Despite the National League’s “reputation” as home to lesser talents playing an antiquated form of inferior baseball, it certainly has more than its share of talented young outfielders. Two of these future (present?) stars, Jason Heyward and Colby Rasmus, are off to red-hot starts with the bat.

Plying their trade for two of the league’s more glamorous franchises, Rasmus and Heyward are proving themselves worthy of the considerable hype from pundits and stat nerds alike, entering today’s action with nearly identical wOBAs of .444 and .445. Patience and power in spades

Jason Heyward posted the kind of rookie season reserved for Hall of Famers when he put up a .277/.393/.456 with 18 home runs at age 20. Coming into the 2011 season, it is clear he is a huge piece of Atlanta’s playoff hopes.

Making new manager Fredi Gonzalez’s decision to hit him the sixth in the batting order that much more infuriating. While the specific allure of “RBI chances” surely features prominently in this (odd) decision, the reality is much more troubling: he comes to the plate far less frequently than much worse baseball players.

Dan Uggla is off to quite a slow start in Atlanta but he is powerful hitter who can take any pitcher deep. You could make a case for Uggla hitting fifth and I suppose I would listen. Hitting Nate McLouth second, as the Braves have every game but once, is inexcusable.

Nate McLouth isn’t a good hitter, yet there he is in the number 2 slot every day. McLouth, like Heyward, hits left-handed so we can’t even chalk it up to the Fredi’s slavish devotion to a balanced, RLSLR batting order.

Not only would moving the great Heyward to the second slot ensure him more plate appearances, it will do the team some good. Heyward’s incredible patience (9 walks in just 43 PAs, good for a 22% walk rate which is nothing short of amazing) and considerable power makes him a great candidate for extending innings and opening up the running game if Martin Prado feels so inclined.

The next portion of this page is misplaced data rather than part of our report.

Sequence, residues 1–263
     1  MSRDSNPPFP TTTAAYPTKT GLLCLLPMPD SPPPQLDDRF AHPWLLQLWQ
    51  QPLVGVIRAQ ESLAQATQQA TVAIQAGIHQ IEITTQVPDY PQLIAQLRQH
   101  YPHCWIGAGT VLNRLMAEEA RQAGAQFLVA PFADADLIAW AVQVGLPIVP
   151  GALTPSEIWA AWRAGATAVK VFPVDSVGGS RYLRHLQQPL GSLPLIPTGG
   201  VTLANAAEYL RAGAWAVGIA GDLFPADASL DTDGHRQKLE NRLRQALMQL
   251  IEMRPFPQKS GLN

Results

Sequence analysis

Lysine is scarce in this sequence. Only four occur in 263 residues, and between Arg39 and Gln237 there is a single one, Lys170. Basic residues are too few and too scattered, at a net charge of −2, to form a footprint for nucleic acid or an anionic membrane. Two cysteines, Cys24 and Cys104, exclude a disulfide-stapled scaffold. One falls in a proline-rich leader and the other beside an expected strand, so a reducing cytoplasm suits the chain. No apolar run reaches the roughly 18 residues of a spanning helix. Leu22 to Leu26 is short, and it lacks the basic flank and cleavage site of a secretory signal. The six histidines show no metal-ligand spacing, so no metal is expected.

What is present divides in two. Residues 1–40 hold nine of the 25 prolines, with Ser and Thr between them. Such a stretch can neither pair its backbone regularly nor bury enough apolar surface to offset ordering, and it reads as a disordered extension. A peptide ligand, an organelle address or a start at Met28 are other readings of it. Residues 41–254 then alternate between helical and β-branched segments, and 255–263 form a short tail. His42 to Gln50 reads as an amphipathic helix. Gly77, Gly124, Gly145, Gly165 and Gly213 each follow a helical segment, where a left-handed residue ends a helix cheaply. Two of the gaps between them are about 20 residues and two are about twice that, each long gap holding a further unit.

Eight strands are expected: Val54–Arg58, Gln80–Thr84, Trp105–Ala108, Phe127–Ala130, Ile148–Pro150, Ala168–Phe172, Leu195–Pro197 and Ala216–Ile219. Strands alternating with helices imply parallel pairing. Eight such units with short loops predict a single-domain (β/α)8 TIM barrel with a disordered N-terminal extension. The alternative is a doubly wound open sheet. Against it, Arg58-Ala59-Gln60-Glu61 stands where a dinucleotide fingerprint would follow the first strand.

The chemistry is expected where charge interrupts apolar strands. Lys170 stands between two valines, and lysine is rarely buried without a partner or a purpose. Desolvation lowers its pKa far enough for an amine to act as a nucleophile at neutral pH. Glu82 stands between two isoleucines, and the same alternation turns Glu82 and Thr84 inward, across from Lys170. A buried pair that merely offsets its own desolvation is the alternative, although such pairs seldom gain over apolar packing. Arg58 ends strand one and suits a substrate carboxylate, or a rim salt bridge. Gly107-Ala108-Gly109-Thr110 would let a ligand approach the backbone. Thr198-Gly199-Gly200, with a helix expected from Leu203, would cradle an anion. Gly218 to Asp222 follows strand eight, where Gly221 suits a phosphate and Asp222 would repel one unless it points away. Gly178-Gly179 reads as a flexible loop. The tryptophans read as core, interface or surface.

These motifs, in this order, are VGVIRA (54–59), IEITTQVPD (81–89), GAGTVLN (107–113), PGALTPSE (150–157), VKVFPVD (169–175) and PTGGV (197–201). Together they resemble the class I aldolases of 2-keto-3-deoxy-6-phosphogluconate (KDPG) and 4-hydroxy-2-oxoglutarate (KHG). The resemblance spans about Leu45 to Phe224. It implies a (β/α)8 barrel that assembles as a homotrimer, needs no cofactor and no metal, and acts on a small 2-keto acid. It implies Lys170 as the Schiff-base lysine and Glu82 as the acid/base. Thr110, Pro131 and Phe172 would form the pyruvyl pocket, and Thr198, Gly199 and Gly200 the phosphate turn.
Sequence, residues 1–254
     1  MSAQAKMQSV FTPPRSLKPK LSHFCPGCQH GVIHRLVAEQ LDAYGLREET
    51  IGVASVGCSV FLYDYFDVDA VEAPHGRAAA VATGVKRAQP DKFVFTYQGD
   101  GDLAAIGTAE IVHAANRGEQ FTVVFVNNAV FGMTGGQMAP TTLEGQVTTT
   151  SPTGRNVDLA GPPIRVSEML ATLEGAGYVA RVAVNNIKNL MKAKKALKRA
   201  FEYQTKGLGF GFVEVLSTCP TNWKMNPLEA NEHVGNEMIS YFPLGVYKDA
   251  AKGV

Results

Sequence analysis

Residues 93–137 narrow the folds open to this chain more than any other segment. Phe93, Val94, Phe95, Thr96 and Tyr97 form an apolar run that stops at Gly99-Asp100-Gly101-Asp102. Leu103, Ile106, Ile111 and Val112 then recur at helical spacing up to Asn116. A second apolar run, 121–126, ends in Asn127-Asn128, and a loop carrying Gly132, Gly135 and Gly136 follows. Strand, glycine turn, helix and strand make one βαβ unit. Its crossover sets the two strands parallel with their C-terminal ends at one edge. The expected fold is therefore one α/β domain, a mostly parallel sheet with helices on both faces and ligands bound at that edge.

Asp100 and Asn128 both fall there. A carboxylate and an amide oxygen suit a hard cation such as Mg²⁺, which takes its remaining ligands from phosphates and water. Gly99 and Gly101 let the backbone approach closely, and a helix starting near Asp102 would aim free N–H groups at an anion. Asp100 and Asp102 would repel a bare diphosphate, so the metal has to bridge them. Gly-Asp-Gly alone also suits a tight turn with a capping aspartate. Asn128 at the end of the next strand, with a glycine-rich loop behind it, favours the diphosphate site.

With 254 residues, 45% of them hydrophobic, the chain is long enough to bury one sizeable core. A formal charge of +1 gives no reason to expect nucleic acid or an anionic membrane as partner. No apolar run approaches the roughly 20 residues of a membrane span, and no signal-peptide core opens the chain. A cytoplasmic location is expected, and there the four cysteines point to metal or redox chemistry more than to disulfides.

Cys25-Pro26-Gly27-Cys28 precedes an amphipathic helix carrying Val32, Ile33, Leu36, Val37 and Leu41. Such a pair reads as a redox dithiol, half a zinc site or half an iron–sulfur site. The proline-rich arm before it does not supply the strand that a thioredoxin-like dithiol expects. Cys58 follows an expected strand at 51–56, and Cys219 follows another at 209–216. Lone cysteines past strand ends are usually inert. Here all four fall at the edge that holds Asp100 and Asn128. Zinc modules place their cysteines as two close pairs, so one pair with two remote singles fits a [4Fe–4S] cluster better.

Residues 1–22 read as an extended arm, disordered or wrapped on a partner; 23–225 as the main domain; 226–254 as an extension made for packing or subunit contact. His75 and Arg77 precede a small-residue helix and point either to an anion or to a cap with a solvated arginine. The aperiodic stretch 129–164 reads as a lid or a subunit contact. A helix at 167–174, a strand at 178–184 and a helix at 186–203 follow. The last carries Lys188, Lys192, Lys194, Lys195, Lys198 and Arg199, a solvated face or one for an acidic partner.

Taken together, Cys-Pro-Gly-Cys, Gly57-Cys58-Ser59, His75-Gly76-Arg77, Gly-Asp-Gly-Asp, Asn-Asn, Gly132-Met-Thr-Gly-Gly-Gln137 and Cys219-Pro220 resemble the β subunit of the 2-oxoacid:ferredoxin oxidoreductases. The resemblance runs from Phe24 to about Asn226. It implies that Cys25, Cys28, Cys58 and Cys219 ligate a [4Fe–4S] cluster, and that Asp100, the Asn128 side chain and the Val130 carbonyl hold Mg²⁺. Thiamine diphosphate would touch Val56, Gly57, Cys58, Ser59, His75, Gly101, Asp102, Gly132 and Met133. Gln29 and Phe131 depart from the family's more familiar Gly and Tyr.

Considering the Braves currently sit 24th in baseball in runs, I don’t think the status quo is really an option for a team expecting to challenge for the division crown. Moving a “run producer” (a guy who doesn’t make many outs) into a higher place in the order is the least he can do.

Colby Rasmus experienced more than his share of controversy regarding his role with the team. Reports of bickering/disagreements with LEGENDARY manager Tony LaRussa finally quieted when the season started and the Cardinals slotted Rasmus in as their every day centerfielder.

With his job secure, Rasmus decided he’d just go ahead and rake. 8 walks, 2 home runs and 15 hits already this year for the young outfielder. Just as vital as having a secure role, Rasmus also has a secure spot in the lineup: second.

Hitting second ahead of Albert Pujols is, if conventional thinking holds, great for business. I don’t know that I agree, why would any pitcher want to throw more pitches over the plate & increase the odds of having a base runner on when Pujols comes to the plate?

Rasmus drawing invaluable walks in front of the game’s greatest hitter is certainly a credit to his team and only stands to increase their chances of scoring runs. Like Heyward, his ability to keep innings alive and hit for power make him an ideal number 2 hitter?

I know people cling to RBIs like grim death so consider one minor factoid: number 6 hitter Jason Heyward has 38 plate appearances classed as RBI chances (i.e. with a runner on base). Number 2 hitter Colby Rasmus? 44. Maybe pitchers hit eighth for a reason!

With Rasmus only 24 and Heyward but 21 years old, these two stars figure to dominate the baseball landscape for the foreseeable future. The sooner their managers learn to just get out of their way, the better.

Comments (3)

  1. Remember when LaRussa didn’t want to play Rasmus everyday? #FreeRasmus. Think of what he could do in a clubhouse where he’s appreciated for the things he does well.

  2. “I don’t know that I agree, why would any pitcher want to throw more pitches over the plate & increase the odds of having a base runner on when Pujols comes to the plate?”

    And if they don’t throw strikes and instead walk Colby … well then he still gets on base (100% of the time if I may add). Wouldn’t it make more sense to throw strikes and hope Colby doesn’t get a hit? Doesn’t throwing strikes instead of balls decrease the odds of having a baserunner on when Pujols comes to the plate? This holds especially true as Colby has proved strong at taking walks so far in this young season.

  3. Doesn’t throwing strikes increase the chances of giving up a hit, rather doing their darndest to simply get the batter out?

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